Autodesk University: Exploring Building Design Technology Trends

Autodesk University: Exploring Building Design Technology Trends

Posted by Eugenia Dickson

Updated: Feb 23, 2021

luca-bravo-srjztxsk3os-unsplash-649573-1WAe93ioGitHub

Introduction

I come from a Building Design Industry, the first 5 years of my career I was a Structural Engineer and designed stations and tunnels for Subway in Moscow. After that, I got really interested in new building design technology based on creating virtual copies of future buildings and using these models to store/aggregate all project data. This Technology is called Building Information Modeling (BIM).

The range of problems engineers, architects, developers, construction companies are facing is very wide, hence there is a huge amount of different software that serves as the tools for BIM. And one of the best-known providers is Autodesk.

Autodesk develops a broad range of software and services for various industries: Architecture, Engineering &Construction, Media & Entertainment, and it has been used on diverse projects ranging from the One World Trade Center to Tesla electric cars.

Every year in many countries around the world, Autodesk gathers thousands of specialists passionate about innovations and new technologies to share new ideas and experience at the event called Autodesk University. I used to attend it every year in Moscow, and still hope to attend the biggest one in Last Vegas.

All presentations from this event are published on this website, the earliest are from 2011.

I thought that this project is a great opportunity to scrape all the presentations and explore how the Building Design Technology trends transformed over the years. The main reason is that knowing the trends and new products, ideas and tools are out there is a big competitive differentiator no matter whether you are an engineering firm employee or a CEO of a fast-growing engineering company, as they help improve workflows, productivity, and overall quality of your work.

Website

The main web page looks like this:

All presentations are sorted by Country, Year and Tags that include Topics, Industry and Technology each presentation is featuring.

I used Scrapy to obtain the data and my analysis was mainly built on tags, and I also searched the description for the words related to software development.

It's important to keep in mind that there are a couple of hundred unique tags, from which I have chosen the ones I was most interested in, and multiple tags can be featured in one presentation. It means that all tags shown in one graph wouldn't add up to 100% per year.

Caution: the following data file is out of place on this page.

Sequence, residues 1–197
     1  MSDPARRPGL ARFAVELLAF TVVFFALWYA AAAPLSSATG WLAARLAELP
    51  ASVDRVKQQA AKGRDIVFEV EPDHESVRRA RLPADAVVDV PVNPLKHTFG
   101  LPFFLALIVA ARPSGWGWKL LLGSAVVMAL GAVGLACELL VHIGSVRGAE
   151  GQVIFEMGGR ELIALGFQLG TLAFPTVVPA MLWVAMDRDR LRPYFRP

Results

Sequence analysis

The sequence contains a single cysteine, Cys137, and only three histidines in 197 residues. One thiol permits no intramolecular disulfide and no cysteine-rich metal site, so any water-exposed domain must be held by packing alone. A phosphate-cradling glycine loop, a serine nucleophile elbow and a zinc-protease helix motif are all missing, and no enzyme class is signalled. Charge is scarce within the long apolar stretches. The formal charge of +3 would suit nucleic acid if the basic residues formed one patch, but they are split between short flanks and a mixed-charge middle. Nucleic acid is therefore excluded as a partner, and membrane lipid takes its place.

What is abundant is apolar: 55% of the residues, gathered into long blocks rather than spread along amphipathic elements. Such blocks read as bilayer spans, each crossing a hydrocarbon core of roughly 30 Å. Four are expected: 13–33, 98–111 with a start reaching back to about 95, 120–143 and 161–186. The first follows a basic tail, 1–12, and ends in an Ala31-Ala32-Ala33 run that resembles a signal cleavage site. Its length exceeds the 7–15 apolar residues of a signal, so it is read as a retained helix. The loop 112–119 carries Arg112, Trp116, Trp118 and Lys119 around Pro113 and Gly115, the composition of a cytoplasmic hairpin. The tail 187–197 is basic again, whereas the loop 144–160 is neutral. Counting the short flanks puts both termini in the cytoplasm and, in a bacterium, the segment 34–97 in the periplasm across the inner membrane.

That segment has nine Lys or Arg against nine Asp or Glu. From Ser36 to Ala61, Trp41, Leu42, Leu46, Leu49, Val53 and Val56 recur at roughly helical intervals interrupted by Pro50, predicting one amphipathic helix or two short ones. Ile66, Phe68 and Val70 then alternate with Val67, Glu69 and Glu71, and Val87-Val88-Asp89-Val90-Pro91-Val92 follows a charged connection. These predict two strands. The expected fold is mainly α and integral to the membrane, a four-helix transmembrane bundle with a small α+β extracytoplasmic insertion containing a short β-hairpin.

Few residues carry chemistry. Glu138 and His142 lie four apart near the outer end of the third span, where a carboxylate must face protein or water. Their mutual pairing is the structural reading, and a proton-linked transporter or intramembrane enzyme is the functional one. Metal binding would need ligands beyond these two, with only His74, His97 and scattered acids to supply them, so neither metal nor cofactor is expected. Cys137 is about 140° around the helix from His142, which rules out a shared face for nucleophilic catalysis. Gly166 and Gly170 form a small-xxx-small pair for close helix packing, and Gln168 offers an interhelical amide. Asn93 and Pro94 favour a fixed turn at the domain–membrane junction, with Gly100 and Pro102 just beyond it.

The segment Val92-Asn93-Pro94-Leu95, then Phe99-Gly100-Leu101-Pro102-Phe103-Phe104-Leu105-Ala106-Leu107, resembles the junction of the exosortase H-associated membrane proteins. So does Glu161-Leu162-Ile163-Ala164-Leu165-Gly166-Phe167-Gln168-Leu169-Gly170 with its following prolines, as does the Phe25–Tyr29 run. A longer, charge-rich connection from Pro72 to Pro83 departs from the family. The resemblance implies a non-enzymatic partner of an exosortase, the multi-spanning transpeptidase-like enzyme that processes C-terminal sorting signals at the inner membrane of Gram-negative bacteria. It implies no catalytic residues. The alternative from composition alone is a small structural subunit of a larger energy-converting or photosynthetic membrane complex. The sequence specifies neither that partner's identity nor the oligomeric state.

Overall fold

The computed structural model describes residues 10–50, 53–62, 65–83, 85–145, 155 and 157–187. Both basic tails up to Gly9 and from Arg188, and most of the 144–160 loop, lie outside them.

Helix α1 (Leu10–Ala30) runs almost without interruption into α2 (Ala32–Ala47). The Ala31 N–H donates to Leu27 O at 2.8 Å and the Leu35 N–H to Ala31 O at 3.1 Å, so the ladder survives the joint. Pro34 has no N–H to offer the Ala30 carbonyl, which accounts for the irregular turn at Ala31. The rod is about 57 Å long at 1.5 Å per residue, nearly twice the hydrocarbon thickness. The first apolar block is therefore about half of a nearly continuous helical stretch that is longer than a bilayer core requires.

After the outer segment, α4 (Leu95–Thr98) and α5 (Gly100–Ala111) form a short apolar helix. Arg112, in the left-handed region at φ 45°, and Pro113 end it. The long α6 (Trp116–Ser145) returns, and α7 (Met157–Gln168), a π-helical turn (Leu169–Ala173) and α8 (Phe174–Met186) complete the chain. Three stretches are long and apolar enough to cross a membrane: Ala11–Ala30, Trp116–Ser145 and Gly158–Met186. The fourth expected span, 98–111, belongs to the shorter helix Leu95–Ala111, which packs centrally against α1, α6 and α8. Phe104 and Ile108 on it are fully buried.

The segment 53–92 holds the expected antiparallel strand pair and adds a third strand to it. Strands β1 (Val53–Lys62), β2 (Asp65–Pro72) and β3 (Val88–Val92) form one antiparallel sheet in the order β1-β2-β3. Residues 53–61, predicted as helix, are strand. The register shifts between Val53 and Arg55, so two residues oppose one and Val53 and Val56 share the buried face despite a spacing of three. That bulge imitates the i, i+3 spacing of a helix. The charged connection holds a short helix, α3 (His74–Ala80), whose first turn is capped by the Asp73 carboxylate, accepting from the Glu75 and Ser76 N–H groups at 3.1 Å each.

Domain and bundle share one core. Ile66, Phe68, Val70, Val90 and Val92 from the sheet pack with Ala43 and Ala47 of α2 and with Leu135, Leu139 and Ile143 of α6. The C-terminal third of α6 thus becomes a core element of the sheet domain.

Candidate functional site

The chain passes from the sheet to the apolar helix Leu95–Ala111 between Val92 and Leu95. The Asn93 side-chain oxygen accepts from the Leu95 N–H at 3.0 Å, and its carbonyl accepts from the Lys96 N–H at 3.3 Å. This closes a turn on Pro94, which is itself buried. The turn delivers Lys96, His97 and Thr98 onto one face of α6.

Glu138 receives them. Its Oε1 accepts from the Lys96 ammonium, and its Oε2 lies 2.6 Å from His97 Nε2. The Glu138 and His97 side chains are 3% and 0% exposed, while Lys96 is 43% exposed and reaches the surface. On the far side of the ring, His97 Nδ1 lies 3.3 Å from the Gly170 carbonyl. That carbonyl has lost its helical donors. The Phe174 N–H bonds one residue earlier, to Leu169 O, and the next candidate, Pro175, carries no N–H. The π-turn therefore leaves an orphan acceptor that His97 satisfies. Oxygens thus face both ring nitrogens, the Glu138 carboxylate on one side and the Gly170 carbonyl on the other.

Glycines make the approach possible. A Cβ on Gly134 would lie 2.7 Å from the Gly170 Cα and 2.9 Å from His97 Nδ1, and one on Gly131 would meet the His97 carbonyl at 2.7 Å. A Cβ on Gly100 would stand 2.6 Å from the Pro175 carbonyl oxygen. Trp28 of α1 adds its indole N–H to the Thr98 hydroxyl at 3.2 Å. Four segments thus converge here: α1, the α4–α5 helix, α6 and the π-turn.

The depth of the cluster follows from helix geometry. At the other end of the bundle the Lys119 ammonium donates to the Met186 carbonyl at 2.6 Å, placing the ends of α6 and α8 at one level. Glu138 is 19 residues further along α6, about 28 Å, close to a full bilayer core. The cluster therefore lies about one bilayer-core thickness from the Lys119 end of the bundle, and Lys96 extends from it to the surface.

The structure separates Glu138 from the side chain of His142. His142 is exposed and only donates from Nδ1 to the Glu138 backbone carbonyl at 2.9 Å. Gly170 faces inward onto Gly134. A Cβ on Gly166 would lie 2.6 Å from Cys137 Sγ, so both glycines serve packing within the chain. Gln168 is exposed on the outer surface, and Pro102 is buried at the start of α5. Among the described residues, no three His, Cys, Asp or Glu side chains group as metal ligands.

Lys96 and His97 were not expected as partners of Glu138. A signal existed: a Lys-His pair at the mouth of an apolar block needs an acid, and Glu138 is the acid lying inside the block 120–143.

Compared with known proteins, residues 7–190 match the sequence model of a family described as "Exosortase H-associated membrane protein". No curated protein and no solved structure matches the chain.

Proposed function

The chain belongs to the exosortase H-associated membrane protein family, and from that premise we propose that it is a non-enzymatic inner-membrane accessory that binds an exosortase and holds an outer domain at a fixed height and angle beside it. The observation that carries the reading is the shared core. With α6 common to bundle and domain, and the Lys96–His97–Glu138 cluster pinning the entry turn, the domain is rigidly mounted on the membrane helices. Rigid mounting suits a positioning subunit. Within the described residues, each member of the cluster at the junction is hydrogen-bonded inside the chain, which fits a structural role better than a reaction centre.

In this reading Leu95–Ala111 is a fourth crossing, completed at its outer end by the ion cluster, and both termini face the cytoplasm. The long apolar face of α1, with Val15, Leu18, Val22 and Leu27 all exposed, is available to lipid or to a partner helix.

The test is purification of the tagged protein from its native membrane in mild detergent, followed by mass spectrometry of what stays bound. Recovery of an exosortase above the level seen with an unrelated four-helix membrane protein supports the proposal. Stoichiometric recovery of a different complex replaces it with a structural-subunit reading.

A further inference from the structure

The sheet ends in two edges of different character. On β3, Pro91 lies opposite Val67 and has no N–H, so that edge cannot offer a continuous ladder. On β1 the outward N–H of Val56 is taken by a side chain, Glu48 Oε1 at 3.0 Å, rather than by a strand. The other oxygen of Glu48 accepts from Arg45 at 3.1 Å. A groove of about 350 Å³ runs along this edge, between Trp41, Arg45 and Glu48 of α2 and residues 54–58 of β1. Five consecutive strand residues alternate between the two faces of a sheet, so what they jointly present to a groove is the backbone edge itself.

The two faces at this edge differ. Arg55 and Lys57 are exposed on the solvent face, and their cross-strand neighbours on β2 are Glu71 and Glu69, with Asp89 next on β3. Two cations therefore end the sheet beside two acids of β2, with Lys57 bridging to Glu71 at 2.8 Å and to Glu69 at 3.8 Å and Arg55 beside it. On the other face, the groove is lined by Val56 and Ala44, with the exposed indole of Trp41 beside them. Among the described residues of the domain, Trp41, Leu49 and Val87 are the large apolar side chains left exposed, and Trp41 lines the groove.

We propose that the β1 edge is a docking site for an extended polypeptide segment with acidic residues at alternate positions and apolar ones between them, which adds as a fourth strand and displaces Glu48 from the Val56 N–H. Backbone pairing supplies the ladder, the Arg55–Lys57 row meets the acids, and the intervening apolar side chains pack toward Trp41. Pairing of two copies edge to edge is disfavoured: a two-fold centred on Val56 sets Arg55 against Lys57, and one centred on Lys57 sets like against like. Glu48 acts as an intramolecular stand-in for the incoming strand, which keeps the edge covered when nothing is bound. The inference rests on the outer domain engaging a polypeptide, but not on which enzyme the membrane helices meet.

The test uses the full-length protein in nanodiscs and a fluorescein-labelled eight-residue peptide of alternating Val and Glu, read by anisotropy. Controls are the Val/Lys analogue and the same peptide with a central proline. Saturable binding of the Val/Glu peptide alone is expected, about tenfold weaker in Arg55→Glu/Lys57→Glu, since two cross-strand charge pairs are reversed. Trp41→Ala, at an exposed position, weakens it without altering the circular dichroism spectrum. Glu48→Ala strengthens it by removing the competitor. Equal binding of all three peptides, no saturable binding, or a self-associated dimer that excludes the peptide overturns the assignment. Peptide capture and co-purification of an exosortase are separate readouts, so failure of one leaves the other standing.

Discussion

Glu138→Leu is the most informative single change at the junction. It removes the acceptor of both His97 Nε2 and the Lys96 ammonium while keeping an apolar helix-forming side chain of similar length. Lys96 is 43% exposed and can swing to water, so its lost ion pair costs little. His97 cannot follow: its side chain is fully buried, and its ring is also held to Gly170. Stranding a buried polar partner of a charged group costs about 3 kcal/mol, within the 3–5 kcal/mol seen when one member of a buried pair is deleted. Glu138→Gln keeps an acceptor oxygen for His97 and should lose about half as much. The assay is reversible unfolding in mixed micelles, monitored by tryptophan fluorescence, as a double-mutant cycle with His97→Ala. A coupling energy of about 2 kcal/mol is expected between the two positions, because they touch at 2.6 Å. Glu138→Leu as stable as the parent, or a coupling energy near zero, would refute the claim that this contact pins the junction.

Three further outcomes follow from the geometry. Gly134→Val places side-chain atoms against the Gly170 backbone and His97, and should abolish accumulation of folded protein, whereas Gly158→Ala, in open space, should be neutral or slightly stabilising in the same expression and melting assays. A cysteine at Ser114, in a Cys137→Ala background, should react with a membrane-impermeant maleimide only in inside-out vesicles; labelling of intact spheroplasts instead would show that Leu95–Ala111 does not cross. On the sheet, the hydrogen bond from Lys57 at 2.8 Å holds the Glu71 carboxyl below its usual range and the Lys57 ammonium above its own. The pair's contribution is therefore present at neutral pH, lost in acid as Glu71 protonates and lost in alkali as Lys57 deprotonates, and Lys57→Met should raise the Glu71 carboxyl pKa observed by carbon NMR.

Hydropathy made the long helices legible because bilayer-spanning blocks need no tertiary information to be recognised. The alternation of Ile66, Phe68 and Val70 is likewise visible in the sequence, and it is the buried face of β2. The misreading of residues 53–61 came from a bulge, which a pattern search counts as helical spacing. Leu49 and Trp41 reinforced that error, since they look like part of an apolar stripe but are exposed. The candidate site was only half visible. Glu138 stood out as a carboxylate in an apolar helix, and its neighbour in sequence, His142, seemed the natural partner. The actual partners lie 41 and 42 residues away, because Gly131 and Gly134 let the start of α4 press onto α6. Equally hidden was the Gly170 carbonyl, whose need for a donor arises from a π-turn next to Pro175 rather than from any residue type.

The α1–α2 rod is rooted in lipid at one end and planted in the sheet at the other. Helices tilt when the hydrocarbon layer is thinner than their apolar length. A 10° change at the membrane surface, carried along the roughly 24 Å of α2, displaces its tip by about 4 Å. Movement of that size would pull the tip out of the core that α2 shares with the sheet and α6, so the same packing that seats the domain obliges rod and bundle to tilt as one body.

Event Geography

The conference has more locations such as Russia, Japan, Korea, China, South Africa, but, sadly, the presentations from them are not introduced on the website. The only ones outside the US were Australia, London, and Middle East, but they look quite small comparing to the Las Vegas one.

It might be so because Las Vegas Conference lasts 4 days and covers all the industries: Building Design & Engineering, Construction, Median & Entertainment, Product Design & Manufacturing, whereas in other countries it might last a couple of days and cover only Building Design and Engineering, as AU in Russia. Finally, not all presentations may be uploaded to the website.

The graph shows the significant growth of the Las Vegas event over the past 10 years, as Autodesk was actively developing and promoting their products and AU itself.

Also, the event went Virtual in 2020 because of the Pandemic, and we don’t see as many presentations there as before.

Most Featured Industries

To become a speaker at AU, one must submit an application and gain approval. Autodesk decides which industries and technologies to feature at the conference. Hence, the application and selection process might affect the overall distribution.

However, it is my belief that the interests of the consumers should be the main driving factor.

The list of introduced industries was quite large so I reduced them to the six most popular.

Building Design stays the most popular industry among all, however, most of them are still related to Building and Construction.

Design Products

I’ve witnessed many changes and trends from the inside.